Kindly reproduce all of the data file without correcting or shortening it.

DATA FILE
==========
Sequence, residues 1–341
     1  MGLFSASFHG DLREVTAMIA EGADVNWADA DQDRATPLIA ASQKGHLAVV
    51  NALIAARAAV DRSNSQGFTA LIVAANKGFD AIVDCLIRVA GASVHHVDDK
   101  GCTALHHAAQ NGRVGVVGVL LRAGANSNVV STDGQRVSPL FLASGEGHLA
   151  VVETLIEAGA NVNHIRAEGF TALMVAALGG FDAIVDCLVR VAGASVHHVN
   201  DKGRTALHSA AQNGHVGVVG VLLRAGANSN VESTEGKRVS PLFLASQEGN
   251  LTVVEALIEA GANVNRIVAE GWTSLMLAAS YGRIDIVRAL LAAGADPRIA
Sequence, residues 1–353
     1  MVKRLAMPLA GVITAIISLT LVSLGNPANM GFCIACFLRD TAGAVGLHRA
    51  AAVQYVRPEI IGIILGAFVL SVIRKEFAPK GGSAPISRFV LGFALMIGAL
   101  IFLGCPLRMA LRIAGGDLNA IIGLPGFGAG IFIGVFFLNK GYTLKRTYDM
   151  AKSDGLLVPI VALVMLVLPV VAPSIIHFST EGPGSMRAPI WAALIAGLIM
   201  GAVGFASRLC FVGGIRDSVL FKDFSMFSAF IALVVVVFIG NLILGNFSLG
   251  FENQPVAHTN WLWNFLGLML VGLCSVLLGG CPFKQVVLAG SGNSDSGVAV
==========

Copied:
Sequence, residues 1–341
     1  MGLFSASFHG DLREVTAMIA EGADVNWADA DQDRATPLIA ASQKGHLAVV
    51  NALIAARAAV DRSNSQGFTA LIVAANKGFD AIVDCLIRVA GASVHHVDDK
   101  GCTALHHAAQ NGRVGVVGVL LRAGANSNVV STDGQRVSPL FLASGEGHLA
   151  VVETLIEAGA NVNHIRAEGF TALMVAALGG FDAIVDCLVR VAGASVHHVN
   201  DKGRTALHSA AQNGHVGVVG VLLRAGANSN VESTEGKRVS PLFLASQEGN
   251  LTVVEALIEA GANVNRIVAE GWTSLMLAAS YGRIDIVRAL LAAGADPRIA
Sequence, residues 1–353
     1  MVKRLAMPLA GVITAIISLT LVSLGNPANM GFCIACFLRD TAGAVGLHRA
    51  AAVQYVRPEI IGIILGAFVL SVIRKEFAPK GGSAPISRFV LGFALMIGAL
   101  IFLGCPLRMA LRIAGGDLNA IIGLPGFGAG IFIGVFFLNK GYTLKRTYDM
   151  AKSDGLLVPI VALVMLVLPV VAPSIIHFST EGPGSMRAPI WAALIAGLIM
   201  GAVGFASRLC FVGGIRDSVL FKDFSMFSAF IALVVVVFIG NLILGNFSLG
   251  FENQPVAHTN WLWNFLGLML VGLCSVLLGG CPFKQVVLAG SGNSDSGVAV